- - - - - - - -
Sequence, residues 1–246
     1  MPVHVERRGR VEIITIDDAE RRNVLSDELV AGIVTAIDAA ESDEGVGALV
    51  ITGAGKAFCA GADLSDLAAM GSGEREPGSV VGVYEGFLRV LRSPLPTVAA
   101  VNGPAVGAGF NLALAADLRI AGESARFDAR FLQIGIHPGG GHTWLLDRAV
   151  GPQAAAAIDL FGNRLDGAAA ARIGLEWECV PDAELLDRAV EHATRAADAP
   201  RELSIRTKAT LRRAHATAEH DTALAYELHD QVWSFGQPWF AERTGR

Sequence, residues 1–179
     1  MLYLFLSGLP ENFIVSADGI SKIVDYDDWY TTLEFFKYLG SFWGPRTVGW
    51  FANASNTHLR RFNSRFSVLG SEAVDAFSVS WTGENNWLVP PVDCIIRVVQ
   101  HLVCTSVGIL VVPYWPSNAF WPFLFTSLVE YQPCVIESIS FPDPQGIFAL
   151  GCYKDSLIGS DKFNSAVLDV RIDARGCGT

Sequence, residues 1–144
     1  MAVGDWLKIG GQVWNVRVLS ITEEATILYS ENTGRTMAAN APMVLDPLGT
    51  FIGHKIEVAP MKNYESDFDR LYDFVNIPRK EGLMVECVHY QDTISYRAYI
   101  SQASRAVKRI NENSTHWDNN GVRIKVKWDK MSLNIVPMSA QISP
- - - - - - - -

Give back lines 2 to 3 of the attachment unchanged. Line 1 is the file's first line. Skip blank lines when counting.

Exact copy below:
     1  MPVHVERRGR VEIITIDDAE RRNVLSDELV AGIVTAIDAA ESDEGVGALV
    51  ITGAGKAFCA GADLSDLAAM GSGEREPGSV VGVYEGFLRV LRSPLPTVAA